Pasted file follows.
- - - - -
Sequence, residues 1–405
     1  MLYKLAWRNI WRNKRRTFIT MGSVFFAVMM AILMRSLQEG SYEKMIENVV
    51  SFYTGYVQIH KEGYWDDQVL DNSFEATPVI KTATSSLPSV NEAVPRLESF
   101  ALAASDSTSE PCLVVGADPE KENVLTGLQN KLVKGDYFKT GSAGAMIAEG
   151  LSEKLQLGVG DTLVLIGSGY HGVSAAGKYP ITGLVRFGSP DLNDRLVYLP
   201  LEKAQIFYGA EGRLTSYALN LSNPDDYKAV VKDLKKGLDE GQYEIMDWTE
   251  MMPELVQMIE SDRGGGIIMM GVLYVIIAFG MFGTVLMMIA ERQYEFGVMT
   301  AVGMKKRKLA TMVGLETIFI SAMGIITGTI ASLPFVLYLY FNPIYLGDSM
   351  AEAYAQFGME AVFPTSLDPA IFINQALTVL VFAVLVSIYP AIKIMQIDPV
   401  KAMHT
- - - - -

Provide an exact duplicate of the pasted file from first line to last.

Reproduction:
Sequence, residues 1–405
     1  MLYKLAWRNI WRNKRRTFIT MGSVFFAVMM AILMRSLQEG SYEKMIENVV
    51  SFYTGYVQIH KEGYWDDQVL DNSFEATPVI KTATSSLPSV NEAVPRLESF
   101  ALAASDSTSE PCLVVGADPE KENVLTGLQN KLVKGDYFKT GSAGAMIAEG
   151  LSEKLQLGVG DTLVLIGSGY HGVSAAGKYP ITGLVRFGSP DLNDRLVYLP
   201  LEKAQIFYGA EGRLTSYALN LSNPDDYKAV VKDLKKGLDE GQYEIMDWTE
   251  MMPELVQMIE SDRGGGIIMM GVLYVIIAFG MFGTVLMMIA ERQYEFGVMT
   301  AVGMKKRKLA TMVGLETIFI SAMGIITGTI ASLPFVLYLY FNPIYLGDSM
   351  AEAYAQFGME AVFPTSLDPA IFINQALTVL VFAVLVSIYP AIKIMQIDPV
   401  KAMHT